In the first section, I sketch Kirzner’s argument. In the second I provide a critique.
I. Kirzner on Hayek on Prices
Hayek’s view of the role of prices as communicating economic knowledge is well known.
In a market for any particular commodity, an equilibrium market price equates demand with supply and ensures that there is no excess demand or excess supply (Kirzner 1985: 197). Equilibrium market prices communicate the necessary information to buyers and sellers to achieve economic coordination (Kirzner 1985: 198). In this economic sense, an equilibrium (or market clearing) price is the “right” price. In a general equilibrium, there is perfect communication signalling and economic coordination.
But prices in the real world are virtually always disequilibrium prices, and the general system can never be in a general equilibrium state. Kirzner – like Hayek – conceives the price system as providing a mechanism to progressively improve information and coordination in relation to the past. Disequilibrium prices may communicate incorrect information and result in waste, but their movement towards equilibrium values permits a “discovery” process by market participants to generate greater economic coordination (Kirzner 1985: 205).
That is, in an uncoordinated or relatively uncoordinated economy, a flexible price system in which market buyers and sellers move prices in trades towards their market-clearing values will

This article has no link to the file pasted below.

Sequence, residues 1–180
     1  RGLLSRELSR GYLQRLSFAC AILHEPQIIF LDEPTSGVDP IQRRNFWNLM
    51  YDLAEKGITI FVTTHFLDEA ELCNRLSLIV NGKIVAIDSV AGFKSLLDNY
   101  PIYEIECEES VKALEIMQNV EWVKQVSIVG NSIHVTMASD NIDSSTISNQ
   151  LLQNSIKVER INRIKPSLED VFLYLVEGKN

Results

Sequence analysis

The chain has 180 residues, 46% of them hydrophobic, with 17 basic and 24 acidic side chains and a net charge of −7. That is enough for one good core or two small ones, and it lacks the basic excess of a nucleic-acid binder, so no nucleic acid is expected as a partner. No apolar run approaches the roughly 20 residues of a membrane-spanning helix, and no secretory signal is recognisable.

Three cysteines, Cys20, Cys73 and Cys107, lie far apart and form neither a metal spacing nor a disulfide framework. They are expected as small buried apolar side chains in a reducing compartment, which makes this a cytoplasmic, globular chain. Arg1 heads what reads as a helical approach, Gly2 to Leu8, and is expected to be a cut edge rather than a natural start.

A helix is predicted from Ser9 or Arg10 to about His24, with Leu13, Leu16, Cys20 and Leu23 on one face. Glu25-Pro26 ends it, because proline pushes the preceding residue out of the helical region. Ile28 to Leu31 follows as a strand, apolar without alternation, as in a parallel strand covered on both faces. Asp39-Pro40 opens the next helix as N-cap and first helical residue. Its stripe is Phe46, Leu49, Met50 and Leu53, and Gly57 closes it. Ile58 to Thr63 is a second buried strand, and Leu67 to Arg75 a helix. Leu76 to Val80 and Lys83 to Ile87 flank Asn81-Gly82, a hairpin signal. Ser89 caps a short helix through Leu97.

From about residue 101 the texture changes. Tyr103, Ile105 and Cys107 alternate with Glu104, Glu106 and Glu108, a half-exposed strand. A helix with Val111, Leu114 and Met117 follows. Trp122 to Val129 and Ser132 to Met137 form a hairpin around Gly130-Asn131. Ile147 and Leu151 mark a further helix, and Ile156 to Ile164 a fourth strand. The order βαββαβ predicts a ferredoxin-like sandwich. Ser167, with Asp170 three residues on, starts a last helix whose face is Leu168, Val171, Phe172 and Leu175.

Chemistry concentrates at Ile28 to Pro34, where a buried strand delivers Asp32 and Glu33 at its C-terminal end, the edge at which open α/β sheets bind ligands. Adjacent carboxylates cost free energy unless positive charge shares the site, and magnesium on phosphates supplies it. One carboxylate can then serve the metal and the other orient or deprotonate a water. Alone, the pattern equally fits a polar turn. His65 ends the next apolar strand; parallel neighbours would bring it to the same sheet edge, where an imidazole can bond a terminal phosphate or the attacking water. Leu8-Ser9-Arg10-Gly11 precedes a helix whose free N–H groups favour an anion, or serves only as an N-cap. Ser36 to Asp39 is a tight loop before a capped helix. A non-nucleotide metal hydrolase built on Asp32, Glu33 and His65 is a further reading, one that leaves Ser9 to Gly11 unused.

“generate systemic changes in market decisions about price offers and bids, in a way that, by responding to the regrettable results of initially uncoordinated sets of decisions, tends to replace them by less uncoordinated sets” (Kirzner 1985: 198).Thus even when prices are in disequilibrium they will achieve this higher degree of coordination as long as in exchanges they are flexible and moved towards their equilibrium (or market clearing) value.
For example, excess supply in a particular market indicates that prices are too high, so that sellers will eventually move their price downwards (Kirzner 1985: 199).
Disequilibrium prices in the sense of prices not at costs of production also provide profit and loss (Kirzner 1985: 205), and higher profits signal that entrepreneurs should move into these markets, while losses signal that they should move out into other lines of production.
Kirzner contends that Hayek sometimes failed to communicate properly this point about the coordinating role of flexible disequilibrium prices in his earlier work (Kirzner 1985: 203), but that it is brought out most clearly in Hayek’s papers “Competition as a Discovery Procedure” (Hayek 1978) and “The Meaning of Competition” (Hayek 1948).
But what are the problems with this Austrian model of economic coordination? Kirzner complains that “governmentally imposed obstacles to price flexibility” thwart the process of economic coordination (Kirzner 1985: 203).
But with widespread fixprice markets where administered prices dominate, the private sector itself already overwhelmingly shuns the flexible price system required in the ideal and almost utopian vision of Austrian economics. Disequilibrium prices are deliberately created and maintained by fixprice enterprises in a vast swathe of the economy, simply because they prefer it that way. Such businesses are not generally in the habit of using flexible prices as their normal method of clearing supply, or equating demand with supply. In other words, the whole Austrian view that flexible movement of prices towards market-clearing levels provides continuing, coordinating adjustment of supply and demand and permits a “discovery” process for capitalists is simply wrong in the fixprice markets. And these fixprice markets dominate advanced capitalist economies.